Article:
Every imaginable industry has had to adapt or take a hit during the largest pandemic this side of the century, but nowhere has this been so powerfully felt than tourism. And for an island that relies so heavily on tourism, Malta is now faced with an uphill struggle.
After speaking to some of the sector’s experts and leaders “to obtain a realistic shared sense of their sentiments and expectations of this crisis”, EY has released a report on Malta’s current situation with tourism.
Besides detailing how COVID-19 has impacted tourism and suggesting actions which could limit the impact for tourism and its ecosystem, the report also sheds a light on the industry’s sentiment and the perception of the current situation from some key players.
Carrying out a survey between the end of April and the beginning of May, EY managed to for example get a snapshot of what some of the largest hotels and hotel chains on the island have to say of this global predicament… and when they predict a return to relative normality.
Most participants don’t expect to resume operations before September 2020… at the earliest.
With mass cancellations and refund requests coming in for the summer months – and in some cases even the last quarter of 2020 – it’s not looking too good for the rest of the year.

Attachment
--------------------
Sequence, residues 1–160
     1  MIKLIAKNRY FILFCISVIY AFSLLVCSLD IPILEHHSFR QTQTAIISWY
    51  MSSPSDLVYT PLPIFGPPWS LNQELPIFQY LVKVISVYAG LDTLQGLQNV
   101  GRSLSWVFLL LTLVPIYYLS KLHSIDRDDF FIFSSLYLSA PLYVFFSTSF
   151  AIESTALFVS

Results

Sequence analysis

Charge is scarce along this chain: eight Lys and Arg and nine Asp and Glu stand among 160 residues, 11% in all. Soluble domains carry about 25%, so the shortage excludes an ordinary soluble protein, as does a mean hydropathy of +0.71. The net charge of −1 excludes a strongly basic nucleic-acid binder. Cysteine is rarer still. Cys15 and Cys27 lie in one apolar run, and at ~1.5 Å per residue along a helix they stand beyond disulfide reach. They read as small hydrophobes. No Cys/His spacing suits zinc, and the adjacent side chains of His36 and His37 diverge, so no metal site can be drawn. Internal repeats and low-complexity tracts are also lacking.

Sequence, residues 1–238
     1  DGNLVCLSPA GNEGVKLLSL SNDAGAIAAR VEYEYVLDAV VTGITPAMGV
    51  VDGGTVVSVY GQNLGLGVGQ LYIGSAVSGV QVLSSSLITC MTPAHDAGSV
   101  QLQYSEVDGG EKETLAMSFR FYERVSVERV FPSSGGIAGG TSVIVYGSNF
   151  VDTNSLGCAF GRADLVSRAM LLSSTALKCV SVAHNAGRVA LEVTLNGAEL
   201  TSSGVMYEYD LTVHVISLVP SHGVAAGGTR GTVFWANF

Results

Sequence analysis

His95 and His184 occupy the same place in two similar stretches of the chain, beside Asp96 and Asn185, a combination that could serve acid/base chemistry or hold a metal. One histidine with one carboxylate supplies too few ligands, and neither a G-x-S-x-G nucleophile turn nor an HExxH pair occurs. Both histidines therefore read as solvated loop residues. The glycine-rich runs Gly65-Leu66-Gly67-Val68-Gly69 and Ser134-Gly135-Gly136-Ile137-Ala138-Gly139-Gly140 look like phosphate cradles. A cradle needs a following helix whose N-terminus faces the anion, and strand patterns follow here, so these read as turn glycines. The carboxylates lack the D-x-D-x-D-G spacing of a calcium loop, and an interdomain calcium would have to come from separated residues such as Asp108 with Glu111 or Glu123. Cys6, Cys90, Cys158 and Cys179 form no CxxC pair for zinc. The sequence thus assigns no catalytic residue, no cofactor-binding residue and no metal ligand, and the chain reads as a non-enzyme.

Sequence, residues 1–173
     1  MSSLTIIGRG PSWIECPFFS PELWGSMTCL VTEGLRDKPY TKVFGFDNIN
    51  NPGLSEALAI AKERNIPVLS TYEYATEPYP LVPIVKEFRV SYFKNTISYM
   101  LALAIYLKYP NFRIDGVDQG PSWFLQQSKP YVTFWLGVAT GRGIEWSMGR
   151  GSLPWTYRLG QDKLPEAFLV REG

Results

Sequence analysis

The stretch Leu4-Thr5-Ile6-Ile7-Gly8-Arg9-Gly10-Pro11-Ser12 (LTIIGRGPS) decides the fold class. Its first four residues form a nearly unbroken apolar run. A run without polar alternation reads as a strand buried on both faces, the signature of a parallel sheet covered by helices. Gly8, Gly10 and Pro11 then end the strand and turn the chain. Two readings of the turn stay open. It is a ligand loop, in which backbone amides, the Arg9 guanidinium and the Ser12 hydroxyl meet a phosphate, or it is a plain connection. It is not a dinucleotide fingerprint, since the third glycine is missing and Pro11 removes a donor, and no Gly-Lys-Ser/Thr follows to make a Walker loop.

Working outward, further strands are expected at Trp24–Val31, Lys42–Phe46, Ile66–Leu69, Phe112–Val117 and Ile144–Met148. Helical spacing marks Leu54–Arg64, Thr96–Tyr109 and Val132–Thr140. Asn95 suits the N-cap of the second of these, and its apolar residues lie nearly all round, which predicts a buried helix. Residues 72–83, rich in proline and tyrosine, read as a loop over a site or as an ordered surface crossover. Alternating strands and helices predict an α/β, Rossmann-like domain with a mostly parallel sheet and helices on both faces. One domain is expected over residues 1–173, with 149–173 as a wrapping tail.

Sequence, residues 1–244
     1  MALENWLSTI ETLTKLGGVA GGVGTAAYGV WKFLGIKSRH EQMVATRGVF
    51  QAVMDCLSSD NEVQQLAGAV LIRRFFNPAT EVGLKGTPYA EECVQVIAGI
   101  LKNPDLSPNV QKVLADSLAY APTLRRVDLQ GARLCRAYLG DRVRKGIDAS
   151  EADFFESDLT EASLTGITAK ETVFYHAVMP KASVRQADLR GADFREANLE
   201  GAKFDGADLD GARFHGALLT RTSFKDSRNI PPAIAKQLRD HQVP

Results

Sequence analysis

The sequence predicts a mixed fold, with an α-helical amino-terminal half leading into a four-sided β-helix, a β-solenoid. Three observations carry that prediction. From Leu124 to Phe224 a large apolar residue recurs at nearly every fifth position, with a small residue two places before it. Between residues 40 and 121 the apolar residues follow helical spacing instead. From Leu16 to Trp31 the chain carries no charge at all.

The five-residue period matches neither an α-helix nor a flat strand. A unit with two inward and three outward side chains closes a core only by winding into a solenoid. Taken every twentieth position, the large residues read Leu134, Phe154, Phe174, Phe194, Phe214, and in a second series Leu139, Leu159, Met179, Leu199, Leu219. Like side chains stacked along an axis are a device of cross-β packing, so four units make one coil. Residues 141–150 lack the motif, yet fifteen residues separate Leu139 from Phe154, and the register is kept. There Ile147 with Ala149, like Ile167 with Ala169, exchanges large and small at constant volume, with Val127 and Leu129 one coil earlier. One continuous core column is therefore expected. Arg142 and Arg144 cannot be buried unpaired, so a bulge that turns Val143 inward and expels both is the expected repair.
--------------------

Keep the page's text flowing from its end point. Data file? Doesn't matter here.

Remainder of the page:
“Large conferences and group booking are being postponed to 2021 or cancelled entirely, and the great majority of participants expect 2020 to be significantly loss-masking with no meaningful revenue generation potential irrespective of whether borders reopen in the coming months,” the report reads.
Recovery – albeit at a slow pace – is expected to start in 2021, with cautious caveats of uncertainty being placed here due to “lower disposable income and health risks posed by persisting COVID-19 considerations”.
And while some participants said they’re gearing up for a “possible partial reopening of facilities in summer”, most are expecting “very limited to no revenues for the remaining months of 2020”.
Malta’s 2019 visitor numbers are not expected to return anytime before “two to five years from now”.
“There is also growing concern as to whether these levels will be attained,” the report continues, going on to highlight how everything from persisting social distancing legislation to “incoming visitors expectations/requirements” may further drop the island’s annual tourism numbers.
While some said they do intend on tapping into the domestic market, the situation there isn’t looking too great, since the drastically lower volumes would not be nearly enough to cover fixed overheads.
“There is unanimity that the pandemic will change Malta’s tourism model and that all operators need to adapt to these new realities.”
“The dependency of Malta’ tourism sector on the ability and willingness of airlines to fly to Malta, and operate cost-effective flights under social distancing regulations, is also of concern to most participants,” it continues. “Many believe that flights will generally become more expensive for all.”
“Visitor demand is ultimately dependent on the development and successful rollout of an effective COVID-19 vaccine,” the report succinctly puts it.
In the midst of a mass cost-reduction exercise, staff redundancies are still not quite off the table…